Political leaders urge voter registration

Emily Gries

Smoking is a lot like voting, Secretary of State Trey Grayson said during a lecture Tuesday night.

Voting at a young age is comparable to smoking at a young age, Grayson said. If a person smokes at a young age they will probably smoke the rest of their life. Although voting isn’t necessarily addicting, people who vote at a young age tend to continue to vote, he said.

Grayson visited Western to encourage students to vote and actively participate in their community. About 40 people attended the discussion in Grise Hall Auditorium.

Grayson, Bowling Green mayor Sandy Jones, Political Science department head Saundra Ardrey and three students participated in the program titled “Student Civic Engagement.” The colloquium was the first of three programs Western will be hosting as part of The American Democracy Project. Western is one of many schools participating in the project, which encourages students to become more involved.

Grayson urged students to do three things. First is vote. Second, engage friends by making sure they are registered to vote. Third, get involved.

“There are all kinds of ways to get involved,” Grayson said.

One easy way is to volunteer to work polls during elections, he said.

Jones also issued a challenge to students to get involved. Civic involvement can lead to political participation, Jones said. She said even though students are in Bowling Green for a short time they should still be involved in the community.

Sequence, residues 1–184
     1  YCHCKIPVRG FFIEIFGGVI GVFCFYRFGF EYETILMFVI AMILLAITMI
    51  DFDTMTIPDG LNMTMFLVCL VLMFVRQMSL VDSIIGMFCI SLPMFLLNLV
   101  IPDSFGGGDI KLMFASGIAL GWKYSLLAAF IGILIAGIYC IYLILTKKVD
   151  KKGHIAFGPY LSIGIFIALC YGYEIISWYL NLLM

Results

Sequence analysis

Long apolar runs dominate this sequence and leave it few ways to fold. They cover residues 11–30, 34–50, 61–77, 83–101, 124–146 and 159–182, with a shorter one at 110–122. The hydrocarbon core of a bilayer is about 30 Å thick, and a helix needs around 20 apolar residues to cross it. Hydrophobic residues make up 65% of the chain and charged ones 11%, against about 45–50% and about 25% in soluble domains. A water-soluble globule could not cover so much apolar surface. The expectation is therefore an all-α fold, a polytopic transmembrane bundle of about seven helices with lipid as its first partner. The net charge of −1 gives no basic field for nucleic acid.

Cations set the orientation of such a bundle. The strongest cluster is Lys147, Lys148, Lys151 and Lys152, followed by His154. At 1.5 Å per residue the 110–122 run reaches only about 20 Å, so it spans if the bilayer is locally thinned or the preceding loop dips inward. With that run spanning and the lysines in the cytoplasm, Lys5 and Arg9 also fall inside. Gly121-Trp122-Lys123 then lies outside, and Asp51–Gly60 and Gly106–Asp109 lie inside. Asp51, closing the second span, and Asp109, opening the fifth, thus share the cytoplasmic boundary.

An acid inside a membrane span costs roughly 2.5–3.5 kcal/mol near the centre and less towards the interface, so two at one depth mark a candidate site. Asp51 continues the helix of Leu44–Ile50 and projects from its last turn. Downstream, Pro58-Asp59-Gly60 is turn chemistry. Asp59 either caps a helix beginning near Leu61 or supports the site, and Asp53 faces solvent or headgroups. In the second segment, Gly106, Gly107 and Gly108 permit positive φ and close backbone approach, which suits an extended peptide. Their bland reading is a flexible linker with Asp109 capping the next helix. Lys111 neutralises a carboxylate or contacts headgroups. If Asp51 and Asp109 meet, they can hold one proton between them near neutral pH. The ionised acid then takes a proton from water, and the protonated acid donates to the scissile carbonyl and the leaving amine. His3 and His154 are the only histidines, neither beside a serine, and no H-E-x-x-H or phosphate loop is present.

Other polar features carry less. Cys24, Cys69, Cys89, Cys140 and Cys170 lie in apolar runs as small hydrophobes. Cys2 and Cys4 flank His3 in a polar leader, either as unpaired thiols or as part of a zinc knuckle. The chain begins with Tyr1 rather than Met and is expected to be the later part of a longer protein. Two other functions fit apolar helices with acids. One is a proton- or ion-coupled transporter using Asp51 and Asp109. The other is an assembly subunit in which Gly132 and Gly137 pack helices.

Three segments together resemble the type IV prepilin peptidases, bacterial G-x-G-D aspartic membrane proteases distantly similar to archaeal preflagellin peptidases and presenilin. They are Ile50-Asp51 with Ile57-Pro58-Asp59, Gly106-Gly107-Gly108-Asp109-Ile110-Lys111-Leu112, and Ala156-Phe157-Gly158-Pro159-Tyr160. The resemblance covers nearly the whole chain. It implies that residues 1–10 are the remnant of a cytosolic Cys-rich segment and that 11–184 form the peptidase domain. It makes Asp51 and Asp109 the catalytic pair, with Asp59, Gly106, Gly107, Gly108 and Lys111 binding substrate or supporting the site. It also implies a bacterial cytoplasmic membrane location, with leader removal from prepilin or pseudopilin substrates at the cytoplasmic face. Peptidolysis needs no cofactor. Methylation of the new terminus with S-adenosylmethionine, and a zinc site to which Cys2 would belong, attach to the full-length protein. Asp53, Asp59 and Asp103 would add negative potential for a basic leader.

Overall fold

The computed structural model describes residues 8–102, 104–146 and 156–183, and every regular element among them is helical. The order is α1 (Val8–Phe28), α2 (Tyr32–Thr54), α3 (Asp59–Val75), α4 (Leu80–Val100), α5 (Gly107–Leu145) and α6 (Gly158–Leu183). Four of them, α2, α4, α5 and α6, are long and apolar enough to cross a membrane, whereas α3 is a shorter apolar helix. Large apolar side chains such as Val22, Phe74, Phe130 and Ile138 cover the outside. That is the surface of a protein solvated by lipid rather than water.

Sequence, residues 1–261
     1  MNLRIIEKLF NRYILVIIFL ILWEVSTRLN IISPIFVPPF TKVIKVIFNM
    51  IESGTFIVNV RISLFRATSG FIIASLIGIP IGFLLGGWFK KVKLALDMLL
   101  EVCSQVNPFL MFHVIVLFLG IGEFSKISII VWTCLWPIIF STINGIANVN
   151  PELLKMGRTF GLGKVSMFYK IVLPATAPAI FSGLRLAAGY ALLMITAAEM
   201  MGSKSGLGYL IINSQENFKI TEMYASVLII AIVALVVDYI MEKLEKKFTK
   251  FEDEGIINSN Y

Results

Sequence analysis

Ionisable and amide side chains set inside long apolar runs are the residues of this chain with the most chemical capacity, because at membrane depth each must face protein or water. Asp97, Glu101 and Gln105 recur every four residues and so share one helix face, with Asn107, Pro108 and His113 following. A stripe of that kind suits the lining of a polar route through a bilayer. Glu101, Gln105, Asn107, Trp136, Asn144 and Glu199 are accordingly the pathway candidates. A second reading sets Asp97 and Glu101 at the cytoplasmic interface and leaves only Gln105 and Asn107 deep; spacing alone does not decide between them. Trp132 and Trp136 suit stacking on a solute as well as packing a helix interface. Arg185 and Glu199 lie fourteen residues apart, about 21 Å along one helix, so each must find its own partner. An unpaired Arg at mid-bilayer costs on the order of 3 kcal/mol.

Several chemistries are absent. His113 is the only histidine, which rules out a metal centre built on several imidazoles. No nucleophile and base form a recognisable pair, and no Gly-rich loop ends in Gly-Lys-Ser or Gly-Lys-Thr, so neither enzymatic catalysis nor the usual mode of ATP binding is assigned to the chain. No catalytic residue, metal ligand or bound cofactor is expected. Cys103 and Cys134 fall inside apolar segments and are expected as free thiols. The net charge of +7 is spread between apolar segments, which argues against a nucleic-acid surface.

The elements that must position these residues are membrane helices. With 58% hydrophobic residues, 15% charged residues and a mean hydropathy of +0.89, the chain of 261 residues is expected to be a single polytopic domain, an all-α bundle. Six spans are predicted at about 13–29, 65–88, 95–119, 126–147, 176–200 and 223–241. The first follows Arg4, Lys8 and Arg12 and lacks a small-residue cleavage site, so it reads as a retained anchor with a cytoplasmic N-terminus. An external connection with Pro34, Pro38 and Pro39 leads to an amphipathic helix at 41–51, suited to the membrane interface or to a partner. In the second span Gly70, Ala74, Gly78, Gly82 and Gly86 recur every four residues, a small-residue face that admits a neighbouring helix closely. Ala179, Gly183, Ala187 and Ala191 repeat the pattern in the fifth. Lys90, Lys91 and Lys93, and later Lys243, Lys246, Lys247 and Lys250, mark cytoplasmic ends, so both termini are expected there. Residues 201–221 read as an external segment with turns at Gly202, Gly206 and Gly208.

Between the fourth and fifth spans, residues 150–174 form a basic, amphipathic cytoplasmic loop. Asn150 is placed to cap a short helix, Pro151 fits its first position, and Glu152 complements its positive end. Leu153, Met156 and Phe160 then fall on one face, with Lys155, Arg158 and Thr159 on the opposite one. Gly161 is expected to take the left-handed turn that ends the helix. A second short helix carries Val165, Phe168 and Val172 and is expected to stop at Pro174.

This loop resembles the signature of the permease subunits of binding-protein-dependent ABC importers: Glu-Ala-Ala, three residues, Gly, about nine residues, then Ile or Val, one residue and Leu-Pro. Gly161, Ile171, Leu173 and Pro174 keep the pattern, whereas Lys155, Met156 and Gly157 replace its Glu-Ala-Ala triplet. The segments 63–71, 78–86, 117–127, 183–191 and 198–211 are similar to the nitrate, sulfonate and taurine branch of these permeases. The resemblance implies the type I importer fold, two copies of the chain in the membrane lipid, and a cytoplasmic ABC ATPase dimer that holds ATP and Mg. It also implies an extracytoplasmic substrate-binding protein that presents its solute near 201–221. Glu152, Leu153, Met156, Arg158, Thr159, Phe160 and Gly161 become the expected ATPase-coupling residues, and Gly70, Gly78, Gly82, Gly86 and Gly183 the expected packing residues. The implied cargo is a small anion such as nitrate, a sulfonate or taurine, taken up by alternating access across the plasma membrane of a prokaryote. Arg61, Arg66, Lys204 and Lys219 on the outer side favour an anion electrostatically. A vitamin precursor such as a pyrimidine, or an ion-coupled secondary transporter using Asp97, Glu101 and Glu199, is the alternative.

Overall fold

In college there is a drop off in community involvement, Ardrey said. She stressed participation in clubs, social activities and internships that help build resumes. Ardrey said many students don’t take advantage of the opportunities the university makes available to them.

Sarah Davasher, president of College Republicans, said she hears a lot of excuses from students about why they don’t vote.

“It just takes the right issues to get students involved,” she said.

John Bradley, president of the Student Government Association, said there are many stumbling blocks for students. Many Western students who have jobs and receive financial aid are struggling just to survive, Bradley said. He said students need to feel passionately about the issues and then they will get involved.

Kyle Gott, Young Democrats president, said that Western offers a lot of programs that students need to take advantage of.

“Take one experience and see how it goes because you may learn to love it,” Gott said.

Reach Emily Gries at [email protected]